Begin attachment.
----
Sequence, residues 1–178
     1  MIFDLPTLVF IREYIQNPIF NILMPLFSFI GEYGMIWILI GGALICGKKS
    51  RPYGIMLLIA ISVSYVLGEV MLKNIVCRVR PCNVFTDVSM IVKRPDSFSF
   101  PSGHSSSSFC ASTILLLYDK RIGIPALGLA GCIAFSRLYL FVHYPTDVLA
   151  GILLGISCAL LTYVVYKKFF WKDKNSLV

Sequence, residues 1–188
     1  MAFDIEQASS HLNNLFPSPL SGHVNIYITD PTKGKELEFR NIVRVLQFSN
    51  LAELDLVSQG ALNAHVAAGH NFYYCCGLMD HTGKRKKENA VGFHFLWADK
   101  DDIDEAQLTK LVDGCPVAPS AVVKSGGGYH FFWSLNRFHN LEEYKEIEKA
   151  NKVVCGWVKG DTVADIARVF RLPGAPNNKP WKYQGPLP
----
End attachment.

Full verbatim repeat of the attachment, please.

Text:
Sequence, residues 1–178
     1  MIFDLPTLVF IREYIQNPIF NILMPLFSFI GEYGMIWILI GGALICGKKS
    51  RPYGIMLLIA ISVSYVLGEV MLKNIVCRVR PCNVFTDVSM IVKRPDSFSF
   101  PSGHSSSSFC ASTILLLYDK RIGIPALGLA GCIAFSRLYL FVHYPTDVLA
   151  GILLGISCAL LTYVVYKKFF WKDKNSLV

Sequence, residues 1–188
     1  MAFDIEQASS HLNNLFPSPL SGHVNIYITD PTKGKELEFR NIVRVLQFSN
    51  LAELDLVSQG ALNAHVAAGH NFYYCCGLMD HTGKRKKENA VGFHFLWADK
   101  DDIDEAQLTK LVDGCPVAPS AVVKSGGGYH FFWSLNRFHN LEEYKEIEKA
   151  NKVVCGWVKG DTVADIARVF RLPGAPNNKP WKYQGPLP